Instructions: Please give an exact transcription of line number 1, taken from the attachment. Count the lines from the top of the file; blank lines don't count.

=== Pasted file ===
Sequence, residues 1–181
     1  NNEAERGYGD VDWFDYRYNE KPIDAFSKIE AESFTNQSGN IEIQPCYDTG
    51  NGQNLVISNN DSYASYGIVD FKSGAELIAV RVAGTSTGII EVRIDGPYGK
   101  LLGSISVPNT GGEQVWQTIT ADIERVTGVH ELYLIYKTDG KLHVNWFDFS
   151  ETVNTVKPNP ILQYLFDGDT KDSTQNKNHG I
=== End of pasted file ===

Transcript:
Sequence, residues 1–181